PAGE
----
Mr. Jason Tuveson is North Park Elementary’s Head Custodian. Mrs. Hobbs states, “When you walk down the shiny new halls at North Park Elementary, or gaze at the morning sunrise in the new bank of east-facing windows, it is Jason Tuveson, the school’s custodian that can be thanked for enjoying this tidy, clean facility.” She goes on to say, “Jason welcomes each new day with positivity and cheerfulness that is easily caught. He makes himself available to all staff members as custodial needs arise. Jason is known to assist struggling students who need a break, inviting them to assist him in sweeping up a mess, or erasing scuff marks off the tile. In addition, he has been a mentor utilized by Canyon View for students that shadow him in their ‘Life’ program.” Jason exemplifies “North Park Tiger Pride” in all that he does. The North Park students are blessed to have such a dedicated ally in Mr. Tuveson.
When describing Mrs. Melanie Bateman, Kanesville Principal Scott Zellmer states that she is the “heart and soul” of this great school. Melanie has been the Head Secretary at Kanesville since 1994. Mr. Zellmer admires Melanie’s ability to handle any obstacle with a smile. When recently faced with the daunting task of learning new financial software, Melanie gladly took on the challenge without complaint. The staff at Kanesville rely on her organizational skills, efficiency, and emotional support. Perhaps most importantly, the students know that they can come to Mrs. Bateman if they are in need of a little TLC. Melanie once told Mr. Zellmer that if a child thinks they need a Band-Aid, we give it to them, regardless of the need. She stated, “Sometimes a Band-Aid is more about showing you care than about covering a scrape.”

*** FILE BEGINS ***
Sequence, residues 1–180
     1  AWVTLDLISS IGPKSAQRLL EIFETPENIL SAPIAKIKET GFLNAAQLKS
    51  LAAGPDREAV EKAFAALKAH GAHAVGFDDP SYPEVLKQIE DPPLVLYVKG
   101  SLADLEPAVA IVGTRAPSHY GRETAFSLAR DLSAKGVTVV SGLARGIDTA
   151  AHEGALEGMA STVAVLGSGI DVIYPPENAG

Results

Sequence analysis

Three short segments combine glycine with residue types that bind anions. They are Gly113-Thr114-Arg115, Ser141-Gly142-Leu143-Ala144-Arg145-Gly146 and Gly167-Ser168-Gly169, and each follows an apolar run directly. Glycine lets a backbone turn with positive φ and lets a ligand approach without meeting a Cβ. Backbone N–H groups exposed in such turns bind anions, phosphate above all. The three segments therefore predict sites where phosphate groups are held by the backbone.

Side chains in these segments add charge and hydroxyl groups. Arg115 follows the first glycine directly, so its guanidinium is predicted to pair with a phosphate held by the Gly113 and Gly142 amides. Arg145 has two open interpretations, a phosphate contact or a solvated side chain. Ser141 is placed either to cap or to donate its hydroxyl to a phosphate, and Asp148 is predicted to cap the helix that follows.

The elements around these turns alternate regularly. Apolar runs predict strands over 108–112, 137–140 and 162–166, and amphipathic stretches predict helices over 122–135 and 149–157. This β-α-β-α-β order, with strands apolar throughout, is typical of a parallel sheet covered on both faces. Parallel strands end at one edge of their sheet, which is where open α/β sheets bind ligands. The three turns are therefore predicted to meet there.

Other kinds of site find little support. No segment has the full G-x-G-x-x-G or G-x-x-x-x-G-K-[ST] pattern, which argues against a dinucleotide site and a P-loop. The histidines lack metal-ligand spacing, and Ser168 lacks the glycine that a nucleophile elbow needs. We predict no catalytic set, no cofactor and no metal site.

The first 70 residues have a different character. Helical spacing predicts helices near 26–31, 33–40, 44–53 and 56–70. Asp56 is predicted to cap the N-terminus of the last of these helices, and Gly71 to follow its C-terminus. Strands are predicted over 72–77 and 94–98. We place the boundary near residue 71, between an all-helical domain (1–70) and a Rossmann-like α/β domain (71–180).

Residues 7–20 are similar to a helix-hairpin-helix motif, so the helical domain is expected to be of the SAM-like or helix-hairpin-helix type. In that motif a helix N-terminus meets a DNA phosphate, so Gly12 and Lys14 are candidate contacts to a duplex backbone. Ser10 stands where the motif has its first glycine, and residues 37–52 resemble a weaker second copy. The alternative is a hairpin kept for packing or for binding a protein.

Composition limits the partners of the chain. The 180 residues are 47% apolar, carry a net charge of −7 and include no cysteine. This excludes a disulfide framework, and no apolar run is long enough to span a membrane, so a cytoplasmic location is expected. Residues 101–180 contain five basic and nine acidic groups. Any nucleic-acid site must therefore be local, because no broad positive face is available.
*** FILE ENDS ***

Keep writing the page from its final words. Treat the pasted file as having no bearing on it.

Congratulations to these two deserving award winners. Thank you for allowing us the opportunity to recognize your unique gifts and talents. We express our gratitude for your dedication and enthusiasm!